The crux of the switch
It’s almost hard to imagine Mac OS X without a good application switcher. But previous to OS X 10.3, that was just the case. Back in 2003, I summarized why the previous application switcher was so poor:
To switch the active application in 10.2, you hit Command-Tab and a highlighted dock icon told you which application was selected. It worked, but it had problems. The biggest of which occurred when open applications were separated by several unopened applications on the dock. When this happened, the highlight skipped across these unopened applications in a seemingly unpredictable manner because almost no one could remember exactly which applications were open and which applications where closed.
A Better Switcher
In 2001, a small software startup named Proteron announced LiteSwitch X, an OS X update to its popular OS 9 keyboard application switcher. LiteSwitch was essentially a Mac implementation of the Alt-Tab switcher found in Windows, but with an additional slew of features including drag and drop support, closing multiple applications and windows layering control. I was unsatisfied with the 10.2 application switcher and started using LiteSwitch X soon after buying my first Mac.
Apple caught up to Proteron in OS X 10.3 and introduced its own application switcher albeit with significantly less features than LiteSwitch X. Apple’s switcher has remained relatively unchanged since its original implementation.
Hit Command-Tab and you switch from the current app to the next most recently used app. If you hold Command, all running apps are displayed, and you can continue hitting tab to switch to another app. You can additionally hold down Shift and cycle in the opposite direction, and use the H and Q keys to hide and quit applications.
Apple slightly improved the switcher with 10.5, introducing drag and drop support and then again with 10.6, allowing you to trigger Exposé and show all windows of the selected application by hitting the up or down key.
Blinded by the Lite
Version 1.1 of LiteSwitch X introduced a preference for sending the reopen event to applications upon switching to them. This meant that LiteSwitch would force OS X to reopen the window if it had been closed, or restore the window if it had been minimized to the Dock. I enabled this preference soon after I started using LiteSwitch as it felt like the most natural way to switch to an application. With every OS X update, LiteSwitch X was one of the first add-ons that I installed. So when I switched to an application, I expected to it to be visible — the only exception being if it was a document-based application and there were no open documents.
In early 2009, I noticed that the Proteron website was down (The Wayback Machine records July 24, 2008 as the last date the website was reachable), and over the past year I was concerned about continuing to use software that was no longer supported. So near the end of December I begrudgingly tried to use the built-in OS X switcher.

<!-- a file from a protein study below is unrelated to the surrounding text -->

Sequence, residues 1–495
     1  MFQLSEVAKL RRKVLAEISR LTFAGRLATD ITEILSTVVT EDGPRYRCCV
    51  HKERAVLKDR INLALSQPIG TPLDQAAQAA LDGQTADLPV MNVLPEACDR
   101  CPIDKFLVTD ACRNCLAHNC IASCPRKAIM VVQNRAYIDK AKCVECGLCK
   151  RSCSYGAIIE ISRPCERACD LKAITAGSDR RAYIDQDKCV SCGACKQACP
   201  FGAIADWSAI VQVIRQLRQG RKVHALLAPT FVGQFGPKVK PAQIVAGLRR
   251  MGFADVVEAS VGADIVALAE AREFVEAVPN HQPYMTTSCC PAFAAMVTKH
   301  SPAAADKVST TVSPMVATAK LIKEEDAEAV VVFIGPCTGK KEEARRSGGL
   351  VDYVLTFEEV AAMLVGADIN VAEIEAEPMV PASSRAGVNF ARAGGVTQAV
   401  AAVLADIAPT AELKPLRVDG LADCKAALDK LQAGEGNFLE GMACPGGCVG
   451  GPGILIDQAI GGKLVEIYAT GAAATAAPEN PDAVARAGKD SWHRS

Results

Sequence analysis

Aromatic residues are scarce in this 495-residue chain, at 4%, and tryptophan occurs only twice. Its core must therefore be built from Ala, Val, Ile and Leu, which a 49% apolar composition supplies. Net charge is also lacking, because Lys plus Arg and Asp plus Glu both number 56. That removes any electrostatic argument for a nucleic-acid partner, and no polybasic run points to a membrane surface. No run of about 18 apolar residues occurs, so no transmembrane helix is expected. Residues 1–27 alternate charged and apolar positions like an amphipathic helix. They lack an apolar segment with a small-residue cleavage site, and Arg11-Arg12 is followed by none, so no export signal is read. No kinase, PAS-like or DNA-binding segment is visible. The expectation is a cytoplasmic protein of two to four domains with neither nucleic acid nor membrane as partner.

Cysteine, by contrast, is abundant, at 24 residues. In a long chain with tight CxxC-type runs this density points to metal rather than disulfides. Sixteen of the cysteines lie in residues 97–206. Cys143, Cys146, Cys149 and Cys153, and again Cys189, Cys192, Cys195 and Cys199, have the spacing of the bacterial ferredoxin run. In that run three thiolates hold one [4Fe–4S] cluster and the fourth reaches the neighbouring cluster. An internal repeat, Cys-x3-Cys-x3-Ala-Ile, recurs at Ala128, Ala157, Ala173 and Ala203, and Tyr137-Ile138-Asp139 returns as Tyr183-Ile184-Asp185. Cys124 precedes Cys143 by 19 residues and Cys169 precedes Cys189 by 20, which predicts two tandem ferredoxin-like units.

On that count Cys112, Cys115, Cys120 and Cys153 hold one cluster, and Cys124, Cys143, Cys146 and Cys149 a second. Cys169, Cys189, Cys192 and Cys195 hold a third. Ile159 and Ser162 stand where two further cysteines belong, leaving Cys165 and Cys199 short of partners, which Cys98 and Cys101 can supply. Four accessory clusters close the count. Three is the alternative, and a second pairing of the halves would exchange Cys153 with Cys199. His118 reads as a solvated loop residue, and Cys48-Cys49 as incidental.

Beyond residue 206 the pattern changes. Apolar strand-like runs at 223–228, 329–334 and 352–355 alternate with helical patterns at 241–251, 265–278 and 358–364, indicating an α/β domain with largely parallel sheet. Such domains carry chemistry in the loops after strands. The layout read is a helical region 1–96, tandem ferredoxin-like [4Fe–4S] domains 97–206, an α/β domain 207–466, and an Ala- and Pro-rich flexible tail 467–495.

Having been blinded by LiteSwitch for so many years, I was completely set back that the OS X switcher didn’t reopen closed or minimized application windows. For example, say iTunes was open but the main app window was closed. If I switched to iTunes, no window would appear. Switching to Finder, Mail, Address Book, Safari, Tweetie, Adium and other apps also didn’t reopen application windows.
Given that switching didn’t reopen application windows, I expected a common keyboard shortcut for accomplishing this. Unfortunately, shortcuts only complicated the situation. To show the iTunes main window, I needed to hit the keyboard shortcut for opening the window (Option-Command-1 in the case of iTunes) or click on the iTunes Dock icon. There’s no unified keyboard shortcut for reopening the main window - even among applications made by Apple. Here are the keyboard shortcuts for the apps I listed above:
- iTunes: Option-Command-1
- Finder: Command-N
- Mail: Command-1
- Address Book: Command-0
- Safari: Command-N
- Tweetie: Command-0
- Adium: Command-/
These are just the apps that have a shortcut. Many, like Evernote, don’t even have one.
After tweeting about the lack of a standard shortcut for reopening main windows, Martin Polley pointed out that the OS X application switcher actually can reopen windows with some additional shortcut trickery.
It goes like this: hit Command-Tab to switch as you would normally, then when the app you want to switch to/reopen is selected, hit Option while continuing to hold Command. Then release Command before you release Option. Go ahead and try it now. When you first start using it, it’s quite painful after the simplicity of Command-Tab, but it does get slightly easier over time.
Personally, I love controlling OS X via keyboard, and most of the time I welcome consistent and standard keyboard shortcuts for commands. However, I believe that adding a shortcut for reopening windows is the wrong solution because it defies traditional keyboard shortcut expectations. For nearly every keyboard shortcut I use in OS X, there is a perceived before state and an expected after state. For example, if I’m browsing a site in Safari and I want to jump to the search input, I hit Command-Option-F. In the before state, I perceive that the webpage has focus. The expected after state is that the search input will have focus. In the case of the OS X reopen shortcut, the before state is that the window is closed or minimized. The expected after state is that OS X will bring the selected application forward and reopen or restore the window. The issue is that it’s very difficult, and sometimes impossible, to know if the window is actually closed or minimized. So for the shortcut to be truly effective, the user needs to remember which windows are open and which windows are closed or minimized. This is unrealistic at best.